River ice is never safe to cross. This, Elfriede knows. But in late spring, when the evergreens begin to shed their snowy coats, the river feeding into Mayfair's harbor awakens. Cracking ice is a sound that bespeaks fear. The Yule log's long since burned, the new year's no longer quite so new, the hours of light grow longer. Days turn into fortnights turn into the ice breaking up.
The longships are coming, and all winter the whetstone sounded a slick snick-snick as she marked off the days. The barbarians have hair the color of the torches they carry, and their eyes glisten with the fires of battle. They don't stay, but they always return; she was counting on that.
A fortnight before Yule, her sister was delivered of a baby with carrot-hued hair and no breath. Cursed, the midwife said, but her sister's beloved would hear none of it and the betrothal held fast -- light against the darkness. Elfriede's not rightly sure of what the gods may want, but she knows her mission now.
She hastens her steps, arms full of scrolls from the Mayfair Library, heading away from her dead niece's father and his ilk. They bring with them fire and blood; she's got a knife at her belt for the latter, but the former's fatal to parchment. Saving knowledge is her revenge.
Clouds chase across an achingly blue sky. The newborn lambs wobble and fall, trying out their spindly legs in the high pastures. The ewes block the wind with their bulk (now considerably less, since their shorn wool's in the basket at Liesel's feet).
Carding wool is slow and time-consuming, but Liesel has nothing but time. She takes a break and nibbles a carefully-sectioned apple, walking over to watch the sea glint crystaline and perfect, far below the high cliffs. She licks her lips, counting lambs under her breath, before sitting back on the felled tree near her basket.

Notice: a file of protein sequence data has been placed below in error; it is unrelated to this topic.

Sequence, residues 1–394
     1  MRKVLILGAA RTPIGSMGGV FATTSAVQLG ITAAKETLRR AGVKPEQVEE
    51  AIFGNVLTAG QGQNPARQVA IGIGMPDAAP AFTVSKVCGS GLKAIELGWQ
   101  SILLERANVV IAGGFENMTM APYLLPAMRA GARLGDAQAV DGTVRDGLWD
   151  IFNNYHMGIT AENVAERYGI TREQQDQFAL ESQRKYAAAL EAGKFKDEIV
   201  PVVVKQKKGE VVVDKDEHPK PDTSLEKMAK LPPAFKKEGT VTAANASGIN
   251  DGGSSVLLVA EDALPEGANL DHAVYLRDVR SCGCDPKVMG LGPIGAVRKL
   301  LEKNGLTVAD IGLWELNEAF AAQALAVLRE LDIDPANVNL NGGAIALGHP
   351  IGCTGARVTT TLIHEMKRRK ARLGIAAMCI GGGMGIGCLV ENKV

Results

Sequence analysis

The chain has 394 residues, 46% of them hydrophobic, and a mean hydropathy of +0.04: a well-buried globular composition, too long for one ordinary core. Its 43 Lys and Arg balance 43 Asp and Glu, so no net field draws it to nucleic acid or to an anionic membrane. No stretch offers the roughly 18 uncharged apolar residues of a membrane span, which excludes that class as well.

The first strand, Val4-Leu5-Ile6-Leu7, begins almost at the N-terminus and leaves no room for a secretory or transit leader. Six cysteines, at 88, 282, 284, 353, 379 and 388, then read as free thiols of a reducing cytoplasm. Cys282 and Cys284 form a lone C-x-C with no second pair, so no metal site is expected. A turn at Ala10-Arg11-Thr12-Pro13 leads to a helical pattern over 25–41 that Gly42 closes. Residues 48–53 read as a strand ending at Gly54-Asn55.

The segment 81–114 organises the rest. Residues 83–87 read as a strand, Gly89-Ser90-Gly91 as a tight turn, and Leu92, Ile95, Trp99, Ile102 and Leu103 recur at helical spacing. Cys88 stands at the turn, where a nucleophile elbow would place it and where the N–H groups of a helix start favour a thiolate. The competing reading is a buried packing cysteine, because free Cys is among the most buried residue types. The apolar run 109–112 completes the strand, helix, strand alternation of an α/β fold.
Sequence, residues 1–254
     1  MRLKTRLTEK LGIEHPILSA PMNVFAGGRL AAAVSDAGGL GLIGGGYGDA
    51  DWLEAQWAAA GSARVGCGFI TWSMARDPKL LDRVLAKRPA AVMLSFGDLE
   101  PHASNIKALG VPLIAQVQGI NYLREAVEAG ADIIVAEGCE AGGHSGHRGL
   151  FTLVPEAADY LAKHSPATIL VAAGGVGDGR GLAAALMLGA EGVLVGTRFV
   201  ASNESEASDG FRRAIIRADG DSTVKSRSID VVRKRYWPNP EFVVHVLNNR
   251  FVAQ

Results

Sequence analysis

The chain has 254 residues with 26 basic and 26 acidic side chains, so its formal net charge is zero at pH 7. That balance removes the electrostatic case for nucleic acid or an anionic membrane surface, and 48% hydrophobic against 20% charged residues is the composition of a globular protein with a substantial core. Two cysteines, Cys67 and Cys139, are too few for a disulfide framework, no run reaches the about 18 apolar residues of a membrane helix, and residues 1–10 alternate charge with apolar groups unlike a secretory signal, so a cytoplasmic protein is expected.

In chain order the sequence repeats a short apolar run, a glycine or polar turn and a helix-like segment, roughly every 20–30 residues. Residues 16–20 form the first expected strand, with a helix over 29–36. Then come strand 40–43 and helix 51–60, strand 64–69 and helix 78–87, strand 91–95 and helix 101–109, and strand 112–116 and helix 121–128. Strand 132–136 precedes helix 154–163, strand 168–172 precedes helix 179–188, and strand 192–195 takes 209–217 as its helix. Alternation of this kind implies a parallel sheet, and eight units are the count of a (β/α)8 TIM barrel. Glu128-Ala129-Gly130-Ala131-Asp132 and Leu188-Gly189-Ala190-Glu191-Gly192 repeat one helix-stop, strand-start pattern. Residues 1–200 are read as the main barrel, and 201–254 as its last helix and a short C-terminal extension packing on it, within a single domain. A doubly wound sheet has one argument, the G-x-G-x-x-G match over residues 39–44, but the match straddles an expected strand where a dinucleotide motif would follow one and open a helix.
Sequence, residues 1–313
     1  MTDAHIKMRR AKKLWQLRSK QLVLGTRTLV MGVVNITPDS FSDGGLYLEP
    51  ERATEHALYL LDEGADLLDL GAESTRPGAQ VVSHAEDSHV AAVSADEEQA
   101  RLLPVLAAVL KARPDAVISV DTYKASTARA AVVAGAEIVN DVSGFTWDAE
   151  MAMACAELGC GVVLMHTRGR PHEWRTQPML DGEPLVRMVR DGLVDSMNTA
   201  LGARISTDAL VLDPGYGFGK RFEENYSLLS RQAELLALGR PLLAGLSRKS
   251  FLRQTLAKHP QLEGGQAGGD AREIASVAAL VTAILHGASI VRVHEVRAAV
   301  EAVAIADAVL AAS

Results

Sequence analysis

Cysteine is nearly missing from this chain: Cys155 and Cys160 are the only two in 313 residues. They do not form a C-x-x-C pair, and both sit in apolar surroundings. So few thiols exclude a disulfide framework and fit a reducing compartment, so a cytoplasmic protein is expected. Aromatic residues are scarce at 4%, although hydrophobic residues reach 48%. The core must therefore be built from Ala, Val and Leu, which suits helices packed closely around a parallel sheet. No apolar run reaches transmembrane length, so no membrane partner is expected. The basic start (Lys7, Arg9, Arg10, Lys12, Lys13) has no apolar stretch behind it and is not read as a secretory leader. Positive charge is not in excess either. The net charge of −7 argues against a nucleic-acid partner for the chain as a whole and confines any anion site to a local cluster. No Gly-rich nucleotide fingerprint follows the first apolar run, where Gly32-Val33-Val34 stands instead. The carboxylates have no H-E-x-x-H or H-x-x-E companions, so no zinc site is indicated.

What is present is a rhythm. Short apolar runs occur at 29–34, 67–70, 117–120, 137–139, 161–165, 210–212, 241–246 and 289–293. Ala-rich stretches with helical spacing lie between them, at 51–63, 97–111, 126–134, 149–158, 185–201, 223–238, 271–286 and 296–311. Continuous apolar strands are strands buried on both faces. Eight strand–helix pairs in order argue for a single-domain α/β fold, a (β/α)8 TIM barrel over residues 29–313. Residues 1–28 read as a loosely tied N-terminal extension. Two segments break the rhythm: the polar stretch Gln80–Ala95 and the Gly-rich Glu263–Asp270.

Liesel's hands move through the familiar rhythms of their own accord. Her mind follows an imagined skein of yarn twining down the craggy path between their settlement and Kosmos. The very word is magical, evoking the city she's not allowed to visit alone, that port to the far-away which gathers up raw materials and transforms them into fancy cloth. Her little brother's homespun tunic and trousers (which he's outgrown, making them fair game!) can't compare to what their weavers can put out. Her family's sheep will live on long past their muttony fate, heading across the sea as trade goods.
The wealth of distant lands leaves her cold, but the people across the sea intrigue Liesel with the temptation of the unknown. An impulse seizes her, and she lifts her eating knife. It's dull and takes some hacking to achieve the desired result, but in a few moments her braid lands in the basket with the wool.
She won't pass close inspection, but she's as slender as a boy, and the village menfolk have been abuzz with the word that those ships need crew. She's grateful for her lanolin-stained garb in its simple cut; she could be, will be, anyone at all.
The midsummer sun radiates onto fields unwaving; the wind hides from the unrelenting heat. Roswitha would follow suit, but grain requires water, and the rains haven't been obliging. Buckets dropping to the ground, she gratefully slides the shoulder yoke off and lets it fall. One bucket of water seems light in comparison as she pours it into the irrigation canal.
The ashes from the Yule log have produced the promised increase in yield, but they seem to encourage weeds as much as more desirable plants. This needs correcting; the neighboring city-state fields many hungry knights, and their lord urges ever-more production of grain for trade.